ICO dispels myth that fleet managers could breach data protection on licence checks
According to monitoring and checking company LICENCECHECK, fleet managers asking employees to give consent, allowing access to their driving licence records, could inadvertently find themselves on the wrong side of the law, in the confusion surrounding the upcoming abolition of the licence paper counterpart.
The company added that under the recently enabled Section 56 of the Data Protection Act 1998, employers are prohibited from forcing workers to supply ‘Subject Access Reports’ containing information on criminal history and investigations conducted by the police and authorities. Such information, if required, must now be obtained through agencies set up for criminal record checks. The change in law is intended to prevent discrimination surrounding elements such as spent convictions that could be seen on a Subject Access Report.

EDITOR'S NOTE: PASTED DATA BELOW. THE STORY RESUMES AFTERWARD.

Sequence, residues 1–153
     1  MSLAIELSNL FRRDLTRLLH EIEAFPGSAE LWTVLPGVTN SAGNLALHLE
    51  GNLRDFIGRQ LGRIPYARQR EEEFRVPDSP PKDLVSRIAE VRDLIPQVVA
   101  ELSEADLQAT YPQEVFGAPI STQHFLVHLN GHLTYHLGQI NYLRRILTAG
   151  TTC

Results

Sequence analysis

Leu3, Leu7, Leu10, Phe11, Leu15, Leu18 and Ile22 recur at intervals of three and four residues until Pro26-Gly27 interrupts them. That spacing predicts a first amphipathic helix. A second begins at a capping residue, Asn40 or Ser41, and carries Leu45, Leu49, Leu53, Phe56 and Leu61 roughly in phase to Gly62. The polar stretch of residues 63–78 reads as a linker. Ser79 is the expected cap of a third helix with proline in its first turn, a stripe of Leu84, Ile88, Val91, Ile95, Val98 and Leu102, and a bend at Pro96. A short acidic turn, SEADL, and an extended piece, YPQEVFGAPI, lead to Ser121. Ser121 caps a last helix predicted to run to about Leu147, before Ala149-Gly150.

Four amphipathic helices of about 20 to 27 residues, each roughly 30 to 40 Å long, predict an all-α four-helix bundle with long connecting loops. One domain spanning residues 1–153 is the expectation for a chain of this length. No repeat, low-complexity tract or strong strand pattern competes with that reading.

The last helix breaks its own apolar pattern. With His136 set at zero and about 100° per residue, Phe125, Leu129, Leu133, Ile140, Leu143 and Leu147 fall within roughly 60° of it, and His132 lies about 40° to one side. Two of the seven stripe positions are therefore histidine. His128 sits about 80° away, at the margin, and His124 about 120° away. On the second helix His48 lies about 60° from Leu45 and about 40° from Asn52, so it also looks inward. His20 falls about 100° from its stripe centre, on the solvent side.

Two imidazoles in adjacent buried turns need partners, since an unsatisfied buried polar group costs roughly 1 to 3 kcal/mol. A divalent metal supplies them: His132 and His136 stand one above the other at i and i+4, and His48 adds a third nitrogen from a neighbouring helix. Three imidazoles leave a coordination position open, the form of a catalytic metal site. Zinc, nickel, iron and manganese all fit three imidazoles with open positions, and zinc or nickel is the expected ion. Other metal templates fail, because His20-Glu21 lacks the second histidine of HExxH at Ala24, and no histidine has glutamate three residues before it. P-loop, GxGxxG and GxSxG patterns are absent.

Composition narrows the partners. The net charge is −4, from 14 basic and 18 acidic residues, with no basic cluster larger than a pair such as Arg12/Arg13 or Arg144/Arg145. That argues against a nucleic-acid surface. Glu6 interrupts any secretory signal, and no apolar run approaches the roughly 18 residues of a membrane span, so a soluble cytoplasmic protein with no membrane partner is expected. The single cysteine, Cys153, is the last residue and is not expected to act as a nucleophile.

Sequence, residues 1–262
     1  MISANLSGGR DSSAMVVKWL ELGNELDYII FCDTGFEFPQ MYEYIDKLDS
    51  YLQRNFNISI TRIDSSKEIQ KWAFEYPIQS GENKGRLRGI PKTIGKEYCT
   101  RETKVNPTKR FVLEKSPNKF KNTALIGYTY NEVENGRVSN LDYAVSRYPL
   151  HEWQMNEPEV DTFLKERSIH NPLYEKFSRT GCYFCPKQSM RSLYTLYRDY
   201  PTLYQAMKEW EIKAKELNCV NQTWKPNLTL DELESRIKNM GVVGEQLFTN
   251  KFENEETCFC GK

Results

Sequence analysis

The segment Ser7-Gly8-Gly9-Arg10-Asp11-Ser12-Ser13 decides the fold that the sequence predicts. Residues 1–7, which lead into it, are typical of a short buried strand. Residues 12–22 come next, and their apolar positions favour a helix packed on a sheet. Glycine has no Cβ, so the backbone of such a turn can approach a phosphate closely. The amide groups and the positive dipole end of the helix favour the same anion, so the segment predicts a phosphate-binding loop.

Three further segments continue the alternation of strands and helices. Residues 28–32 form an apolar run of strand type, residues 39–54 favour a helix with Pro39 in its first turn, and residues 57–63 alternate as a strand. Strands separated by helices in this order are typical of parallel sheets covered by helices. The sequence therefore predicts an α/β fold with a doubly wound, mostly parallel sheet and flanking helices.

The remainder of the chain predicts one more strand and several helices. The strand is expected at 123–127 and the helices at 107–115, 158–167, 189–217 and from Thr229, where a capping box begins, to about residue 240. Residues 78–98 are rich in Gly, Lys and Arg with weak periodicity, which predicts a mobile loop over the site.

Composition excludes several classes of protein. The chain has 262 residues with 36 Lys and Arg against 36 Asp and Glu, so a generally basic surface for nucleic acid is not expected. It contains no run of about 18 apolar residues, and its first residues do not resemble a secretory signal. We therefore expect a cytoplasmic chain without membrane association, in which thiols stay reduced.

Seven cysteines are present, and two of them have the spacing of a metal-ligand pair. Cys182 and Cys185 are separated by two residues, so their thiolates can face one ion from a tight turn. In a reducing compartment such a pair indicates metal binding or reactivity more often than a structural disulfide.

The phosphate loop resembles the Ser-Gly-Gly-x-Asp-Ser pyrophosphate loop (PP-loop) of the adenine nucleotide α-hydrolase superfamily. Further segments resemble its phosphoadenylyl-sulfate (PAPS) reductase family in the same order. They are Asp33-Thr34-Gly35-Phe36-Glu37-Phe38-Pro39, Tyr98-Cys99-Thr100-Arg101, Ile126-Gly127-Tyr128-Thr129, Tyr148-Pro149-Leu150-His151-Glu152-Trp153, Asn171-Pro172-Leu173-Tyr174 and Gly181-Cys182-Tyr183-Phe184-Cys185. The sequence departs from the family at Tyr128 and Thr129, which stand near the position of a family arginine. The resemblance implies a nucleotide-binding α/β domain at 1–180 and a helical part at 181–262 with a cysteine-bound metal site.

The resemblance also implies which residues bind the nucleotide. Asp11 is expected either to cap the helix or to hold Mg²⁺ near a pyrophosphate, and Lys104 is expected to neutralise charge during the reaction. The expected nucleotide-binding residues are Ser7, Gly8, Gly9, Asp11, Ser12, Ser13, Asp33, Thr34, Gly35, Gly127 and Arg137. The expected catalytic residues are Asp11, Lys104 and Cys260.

In response, the ICO said it is keen to correct this false impression and reassure fleet managers that they will not be banned from requesting specific information from drivers when it is clearly relevant to the job.
An ICO spokesperson said: “The recent changes to data protection legislation outlawing enforced subject access requests do not stop fleet managers asking their drivers to provide specific details that are clearly necessary to assess their suitability for the role. Providing a fleet company has the driver’s consent then they can access information about the number of points and endorsements on a person’s driving licence without breaking the law. There is clearly a difference between this approach and forcing an individual to provide a full copy of all of the information held about them obtained using their data protection rights.”